The phone rang a little after 8 Wednesday morning, and it was the call Nancy Fontaine had been waiting for.
John Weir was on the line from Washington, and with him was his father, the Rev. Benjamin Weir--the first of seven American hostages to be released in Lebanon.
Fontaine hung up the phone and broadcast the news over the loudspeaker, and the 99 residents of the Hylond Convalescent Hospital in Westminster knew that several months of prayer had been answered.
Within minutes, elderly residents were emerging from their rooms, some cheering, some crying, some sporting yellow shirts and bathrobes in honor of the occasion, Fontaine said. Eric Jacobsen of Huntington Beach, son of David Jacobsen, one of the six still being held captive in Lebanon, arrived an hour later for a hasty celebration before flying to Washington.
“The excitement here, we haven’t been able to get any work done,” said Fontaine, activities director at the hospital. “Even the delivery man came in and said, ‘Wow, what’s going on here?’ ”
For months, Hylond Hospital’s elderly residents have gathered each afternoon at 3 to pray for the seven American hostages, with each resident adopting one of the hostages and offering private prayers on the hostage’s behalf every three hours.
For many of them, the hostages have become a focal point, something that “keeps them in touch with the world . . . keeps them from feeling forsaken and abandoned,” explained hospital administrator Ruth Johnson.
Residents have exchanged letters and phone calls with families of the hostages daily. They hosted families of six of the hostages for a “Freedom Day of Prayer” at Westminster City Hall last month. They have launched discussions with the U.S. Postal Service aimed at issuing a commemorative stamp from a painting Fontaine did of the seven hostages.
Letter From Vatican
They have even received a letter from the Vatican assuring them that Pope John Paul II “also prays for the freedom of hostages and for peace.”
Wednesday’s phone call was the first sign of hope in what has been a long vigil.
“John said he spent the weekend in Washington with Rev. Weir, he and his mother, and they wanted to let their adopted family know they were there and Rev. Weir was with them, and they were going to come back and celebrate with us,” Fontaine said.
It was a day of celebration for most of the hostages’ families. Cathy Jacobsen, daughter-in-law of the Huntington Beach hospital administrator kidnaped in May, said that the family is “very glad for Rev. Weir and his family. . . . It’s really an exciting day for the Weirs, and I’m so glad he’s been released, and I hope it means they’ll let the rest of them go.”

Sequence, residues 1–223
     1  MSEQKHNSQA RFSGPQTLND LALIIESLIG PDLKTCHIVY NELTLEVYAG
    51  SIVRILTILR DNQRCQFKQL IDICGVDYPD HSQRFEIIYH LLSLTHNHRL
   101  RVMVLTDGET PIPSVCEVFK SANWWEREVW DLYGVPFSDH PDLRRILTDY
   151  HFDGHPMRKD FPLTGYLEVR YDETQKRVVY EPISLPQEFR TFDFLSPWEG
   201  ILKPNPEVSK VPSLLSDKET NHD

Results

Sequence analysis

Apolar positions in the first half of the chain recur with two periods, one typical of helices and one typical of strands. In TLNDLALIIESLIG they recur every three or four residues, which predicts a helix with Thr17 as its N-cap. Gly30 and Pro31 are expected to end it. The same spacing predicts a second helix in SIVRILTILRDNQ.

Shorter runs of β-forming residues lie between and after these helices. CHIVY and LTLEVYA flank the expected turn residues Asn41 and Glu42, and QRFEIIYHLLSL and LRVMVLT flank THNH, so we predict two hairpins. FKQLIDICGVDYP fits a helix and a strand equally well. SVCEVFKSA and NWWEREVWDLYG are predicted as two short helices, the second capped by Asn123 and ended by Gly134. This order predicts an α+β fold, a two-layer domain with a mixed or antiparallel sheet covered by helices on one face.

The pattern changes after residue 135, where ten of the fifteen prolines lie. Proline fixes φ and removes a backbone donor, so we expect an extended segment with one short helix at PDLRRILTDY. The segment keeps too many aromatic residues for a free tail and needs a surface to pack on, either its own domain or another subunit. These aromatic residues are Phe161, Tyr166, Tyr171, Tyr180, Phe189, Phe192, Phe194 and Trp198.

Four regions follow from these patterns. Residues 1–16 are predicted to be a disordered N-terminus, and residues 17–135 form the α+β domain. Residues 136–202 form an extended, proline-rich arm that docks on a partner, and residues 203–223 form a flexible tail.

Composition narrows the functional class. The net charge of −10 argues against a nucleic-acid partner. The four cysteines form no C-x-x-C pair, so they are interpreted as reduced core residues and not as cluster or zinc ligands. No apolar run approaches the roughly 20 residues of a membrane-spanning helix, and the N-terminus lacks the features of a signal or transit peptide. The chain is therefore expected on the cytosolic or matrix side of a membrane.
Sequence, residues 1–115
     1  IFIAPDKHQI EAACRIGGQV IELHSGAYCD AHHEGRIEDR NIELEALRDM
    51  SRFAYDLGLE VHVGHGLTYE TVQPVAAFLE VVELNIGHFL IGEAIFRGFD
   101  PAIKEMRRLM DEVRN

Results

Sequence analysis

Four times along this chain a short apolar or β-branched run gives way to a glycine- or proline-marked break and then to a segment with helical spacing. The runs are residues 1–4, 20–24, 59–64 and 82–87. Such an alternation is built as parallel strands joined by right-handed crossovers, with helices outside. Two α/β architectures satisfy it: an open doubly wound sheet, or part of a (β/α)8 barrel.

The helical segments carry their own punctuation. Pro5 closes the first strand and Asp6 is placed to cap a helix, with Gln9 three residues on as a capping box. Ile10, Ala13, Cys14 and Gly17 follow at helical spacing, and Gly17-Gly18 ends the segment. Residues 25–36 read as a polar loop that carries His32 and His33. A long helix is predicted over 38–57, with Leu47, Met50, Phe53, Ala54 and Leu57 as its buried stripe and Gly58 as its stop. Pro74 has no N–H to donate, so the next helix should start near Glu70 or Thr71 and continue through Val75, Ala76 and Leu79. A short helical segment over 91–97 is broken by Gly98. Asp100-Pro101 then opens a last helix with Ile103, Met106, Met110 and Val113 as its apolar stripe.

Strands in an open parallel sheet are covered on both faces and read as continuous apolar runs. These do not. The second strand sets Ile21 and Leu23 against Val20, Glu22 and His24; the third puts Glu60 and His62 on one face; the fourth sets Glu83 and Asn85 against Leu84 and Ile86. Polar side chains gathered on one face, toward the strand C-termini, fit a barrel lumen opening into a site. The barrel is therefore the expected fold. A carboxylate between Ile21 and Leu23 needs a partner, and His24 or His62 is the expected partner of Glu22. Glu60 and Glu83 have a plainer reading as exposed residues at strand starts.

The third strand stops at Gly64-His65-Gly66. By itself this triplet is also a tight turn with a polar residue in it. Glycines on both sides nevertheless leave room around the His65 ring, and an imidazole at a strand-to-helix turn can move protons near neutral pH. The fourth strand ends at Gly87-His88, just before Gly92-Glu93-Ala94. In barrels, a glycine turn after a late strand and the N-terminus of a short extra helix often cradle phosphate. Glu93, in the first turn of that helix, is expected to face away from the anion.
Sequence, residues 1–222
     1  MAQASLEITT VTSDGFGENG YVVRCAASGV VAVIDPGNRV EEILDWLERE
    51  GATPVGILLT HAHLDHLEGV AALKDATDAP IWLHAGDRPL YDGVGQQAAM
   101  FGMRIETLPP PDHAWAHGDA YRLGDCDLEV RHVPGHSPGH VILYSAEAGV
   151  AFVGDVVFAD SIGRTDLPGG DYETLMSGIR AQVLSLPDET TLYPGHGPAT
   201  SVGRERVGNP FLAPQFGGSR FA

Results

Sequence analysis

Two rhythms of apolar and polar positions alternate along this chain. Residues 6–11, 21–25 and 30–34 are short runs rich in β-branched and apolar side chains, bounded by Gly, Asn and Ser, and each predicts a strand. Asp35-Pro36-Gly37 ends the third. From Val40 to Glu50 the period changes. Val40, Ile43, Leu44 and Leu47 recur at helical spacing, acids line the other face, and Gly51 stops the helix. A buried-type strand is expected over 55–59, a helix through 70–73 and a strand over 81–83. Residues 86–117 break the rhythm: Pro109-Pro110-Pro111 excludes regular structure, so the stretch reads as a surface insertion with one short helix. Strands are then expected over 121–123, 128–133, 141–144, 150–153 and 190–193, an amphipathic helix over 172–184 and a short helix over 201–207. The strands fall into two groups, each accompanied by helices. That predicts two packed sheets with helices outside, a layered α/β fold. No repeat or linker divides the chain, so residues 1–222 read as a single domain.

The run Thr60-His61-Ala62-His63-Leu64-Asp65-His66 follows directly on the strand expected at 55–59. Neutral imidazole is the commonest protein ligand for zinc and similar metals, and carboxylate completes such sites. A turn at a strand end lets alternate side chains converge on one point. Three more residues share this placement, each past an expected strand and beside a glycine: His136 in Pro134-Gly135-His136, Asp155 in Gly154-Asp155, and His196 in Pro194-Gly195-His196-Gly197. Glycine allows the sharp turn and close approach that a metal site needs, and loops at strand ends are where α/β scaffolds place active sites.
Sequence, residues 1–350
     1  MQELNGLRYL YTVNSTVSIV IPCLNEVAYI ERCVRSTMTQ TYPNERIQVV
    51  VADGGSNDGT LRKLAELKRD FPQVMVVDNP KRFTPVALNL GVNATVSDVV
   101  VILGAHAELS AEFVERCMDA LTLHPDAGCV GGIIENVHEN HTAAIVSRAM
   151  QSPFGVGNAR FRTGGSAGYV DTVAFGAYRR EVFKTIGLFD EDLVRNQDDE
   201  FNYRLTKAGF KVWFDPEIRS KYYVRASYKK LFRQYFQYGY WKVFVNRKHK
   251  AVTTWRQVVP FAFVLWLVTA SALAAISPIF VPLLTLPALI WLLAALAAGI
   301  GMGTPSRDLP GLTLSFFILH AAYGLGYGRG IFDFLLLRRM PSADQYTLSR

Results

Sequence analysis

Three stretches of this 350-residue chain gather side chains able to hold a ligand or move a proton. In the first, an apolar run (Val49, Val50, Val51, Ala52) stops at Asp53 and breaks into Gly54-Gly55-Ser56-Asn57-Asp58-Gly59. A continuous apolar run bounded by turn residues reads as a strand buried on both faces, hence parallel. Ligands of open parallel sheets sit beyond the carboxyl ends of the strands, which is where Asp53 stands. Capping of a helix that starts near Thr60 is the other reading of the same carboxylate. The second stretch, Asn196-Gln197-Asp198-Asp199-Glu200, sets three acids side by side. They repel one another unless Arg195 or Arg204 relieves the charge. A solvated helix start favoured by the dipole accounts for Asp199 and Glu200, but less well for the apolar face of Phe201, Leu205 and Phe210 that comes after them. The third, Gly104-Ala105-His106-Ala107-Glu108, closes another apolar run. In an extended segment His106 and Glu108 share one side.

Not surprisingly, Wednesday’s 3 p.m. prayer at Hylond Hospital was a little different. This time, there was a banner in the hall that proclaimed: “One Home, Six to Go.”
The Daily Prayer
This time, it began with a quiet recital of “Amazing Grace” and swelled into foot-stomping renditions of “God Bless America” and “Happy Days Are Here Again.” Gnarled fists clenched red and blue balloons and an American flag. Then the room grew hushed, and the prayer, as every day, began:
. . . You expired, Jesus, but the swords of life gusted forth for souls, and the ocean of mercy opened up for the whole world. Oh fount of life, unfathomable divine mercy, envelop the whole world and empty yourself out upon us.
And Fontaine concluded, “Thank you, Jesus, for releasing Ben Weir. We are very grateful. Please release the other six hostages.”
Resident Dorothy Williams said afterward: “I laughed and I cried at the same time when I heard. One down and six to go, that’s the way I look at it.”
“Around the clock, every three hours we’ve prayed for them,” added Barbara Landry. “Now I know one is home, six to go, and it’s only a matter of time before we’ll be celebrating like this again.” Landry, 86, wears a placard around her neck for hostage William Buckley, the one she has “adopted” for her special prayers.
Ironically, only one resident--William Miller--had adopted Weir and had worn a placard for him at the Freedom Day of Prayer Aug. 30. The elderly man died the next day. “But you know, his last words were of him,” Fontaine said. “He said, ‘My last prayer is that Rev. Weir will be released'--and he died.”